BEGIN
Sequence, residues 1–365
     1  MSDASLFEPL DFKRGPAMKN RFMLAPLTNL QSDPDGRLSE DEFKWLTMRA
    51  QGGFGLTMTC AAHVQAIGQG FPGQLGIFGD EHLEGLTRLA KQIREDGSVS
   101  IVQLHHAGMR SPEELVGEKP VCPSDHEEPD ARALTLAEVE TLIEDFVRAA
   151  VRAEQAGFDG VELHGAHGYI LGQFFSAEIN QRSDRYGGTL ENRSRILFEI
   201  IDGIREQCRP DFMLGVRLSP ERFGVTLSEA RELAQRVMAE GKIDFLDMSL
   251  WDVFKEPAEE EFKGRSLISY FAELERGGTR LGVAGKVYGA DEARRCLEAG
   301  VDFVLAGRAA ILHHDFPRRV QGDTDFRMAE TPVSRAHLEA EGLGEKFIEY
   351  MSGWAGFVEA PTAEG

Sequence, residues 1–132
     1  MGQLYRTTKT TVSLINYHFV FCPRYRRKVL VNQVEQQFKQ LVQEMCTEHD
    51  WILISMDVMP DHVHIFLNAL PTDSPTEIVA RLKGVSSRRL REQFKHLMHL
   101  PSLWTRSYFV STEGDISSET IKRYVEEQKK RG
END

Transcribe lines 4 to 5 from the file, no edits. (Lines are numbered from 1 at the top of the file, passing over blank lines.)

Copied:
   101  IVQLHHAGMR SPEELVGEKP VCPSDHEEPD ARALTLAEVE TLIEDFVRAA
   151  VRAEQAGFDG VELHGAHGYI LGQFFSAEIN QRSDRYGGTL ENRSRILFEI